While the price of Bitcoin has plunged over 80% from it’s peak in late 2017, Bitcoin’s total energy usage has dropped less than 40%. Nevertheless, as the map above shows, there are surprisingly still 10 countries where it may still be profitable to mine Bitcoin from home (although with some pretty major caveats).
The 10 countries are:
- Trinidad and Tobago
Looking at the list, not all the countries have stable electricity systems. Therefore, while in theory you might be able to mine Bitcoins profitably the reality is probably something rather different.
Our Data, Methodology & Sources
We came up with our list in more or less the same way we came up with our Estimated Electricity Cost Of Mining One Bitcoin By Country last year.
At that time it was still theoretically possible to mine Bitcoins profitably in 39 countries.
For electricity consumption we used the Bitcoin Energy Consumption Index, which currently estimates that it takes 459 KWh of electricity per Bitcoin transaction.
For the number of Bitcoin transactions per block, we used Blockchain.com’s data for 03 January 2019. It showed that there were an average of 1,878 transactions per block and each block currently represents 12.5 Bitcoins.
This means it currently takes 74,519 kWh of electricity to mine one Bitcoin.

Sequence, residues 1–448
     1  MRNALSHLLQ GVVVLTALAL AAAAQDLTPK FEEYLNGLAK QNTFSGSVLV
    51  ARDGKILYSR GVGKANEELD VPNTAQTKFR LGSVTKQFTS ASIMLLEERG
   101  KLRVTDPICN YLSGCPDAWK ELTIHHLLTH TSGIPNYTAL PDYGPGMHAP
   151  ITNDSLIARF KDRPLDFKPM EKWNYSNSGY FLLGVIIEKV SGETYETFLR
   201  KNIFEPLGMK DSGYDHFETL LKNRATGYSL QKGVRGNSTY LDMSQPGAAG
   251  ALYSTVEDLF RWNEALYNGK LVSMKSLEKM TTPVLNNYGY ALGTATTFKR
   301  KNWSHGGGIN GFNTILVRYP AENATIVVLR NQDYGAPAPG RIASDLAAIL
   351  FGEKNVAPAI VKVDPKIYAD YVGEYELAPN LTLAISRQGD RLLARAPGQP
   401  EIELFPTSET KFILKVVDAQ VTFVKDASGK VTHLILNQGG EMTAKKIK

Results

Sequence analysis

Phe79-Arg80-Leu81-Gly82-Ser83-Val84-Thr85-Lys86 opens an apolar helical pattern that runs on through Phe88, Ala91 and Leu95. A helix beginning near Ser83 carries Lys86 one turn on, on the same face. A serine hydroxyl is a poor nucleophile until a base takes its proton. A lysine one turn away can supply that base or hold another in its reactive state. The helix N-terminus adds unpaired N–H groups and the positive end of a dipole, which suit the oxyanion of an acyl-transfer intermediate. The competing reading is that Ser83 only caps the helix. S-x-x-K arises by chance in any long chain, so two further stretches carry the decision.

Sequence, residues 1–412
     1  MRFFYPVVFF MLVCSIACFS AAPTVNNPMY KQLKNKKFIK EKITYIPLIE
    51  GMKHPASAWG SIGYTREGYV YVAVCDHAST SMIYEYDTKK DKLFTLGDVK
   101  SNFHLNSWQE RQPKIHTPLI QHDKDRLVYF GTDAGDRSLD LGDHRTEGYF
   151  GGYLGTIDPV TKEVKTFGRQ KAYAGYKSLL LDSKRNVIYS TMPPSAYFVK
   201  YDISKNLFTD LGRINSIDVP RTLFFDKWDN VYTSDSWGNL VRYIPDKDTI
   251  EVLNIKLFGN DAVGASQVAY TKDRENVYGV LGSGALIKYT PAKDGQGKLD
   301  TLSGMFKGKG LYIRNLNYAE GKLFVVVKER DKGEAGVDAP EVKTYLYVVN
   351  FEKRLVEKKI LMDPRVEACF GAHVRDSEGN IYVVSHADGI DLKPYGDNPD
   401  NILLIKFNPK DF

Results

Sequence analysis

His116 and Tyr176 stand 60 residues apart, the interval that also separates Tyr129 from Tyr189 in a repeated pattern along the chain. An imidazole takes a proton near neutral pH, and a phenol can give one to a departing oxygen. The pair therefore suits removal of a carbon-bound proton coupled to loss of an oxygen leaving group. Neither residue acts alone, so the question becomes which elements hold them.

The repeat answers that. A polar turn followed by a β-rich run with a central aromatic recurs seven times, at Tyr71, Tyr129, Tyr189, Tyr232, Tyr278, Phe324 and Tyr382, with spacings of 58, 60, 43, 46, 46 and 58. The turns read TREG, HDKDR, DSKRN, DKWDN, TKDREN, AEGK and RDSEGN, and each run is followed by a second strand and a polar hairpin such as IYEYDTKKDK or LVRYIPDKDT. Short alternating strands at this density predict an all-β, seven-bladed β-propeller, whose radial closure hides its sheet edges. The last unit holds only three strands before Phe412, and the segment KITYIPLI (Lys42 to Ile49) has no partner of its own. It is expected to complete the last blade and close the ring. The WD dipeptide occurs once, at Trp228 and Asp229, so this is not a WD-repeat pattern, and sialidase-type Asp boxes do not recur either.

When there was a range we took the highest price and when there were different prices based on subsidies, we took the price without subsidies. Prices for Europe are inclusive of VAT and all other charges. And all prices are based on the residential prices rather than the commercial or industrial price (which can often be far cheaper). And all prices have been converted to USD based on official exchange rates.
Given how incredibly complex electricity pricing can be, these prices are only estimates, but are likely significantly higher than what professional miners actually pay.
At the current market price of $3,798.55 we can calculate the maximum price per kWh miners should be willing to pay:
= Current Bitcoin market price / [(Electricity consumed per transaction * number of transactions per block) / Bitcoins per block]
This gives us a maximum price of 5.1 cents per kWh.
We also updated our estimated mining cost by country (see below) in the following way:
= (Price per KWh * Electricity consumed per transaction * number of transactions per block) / Bitcoins per Block
This gave us a price in cents so we divided by further 100 to get a price in US dollars.
The map was created using MapChart.net.
|Country||PRICE PER KWH (US CENTS)||COST PER BITCOIN (USD)|
|Trinidad and Tobago||4.0||$2,980.76|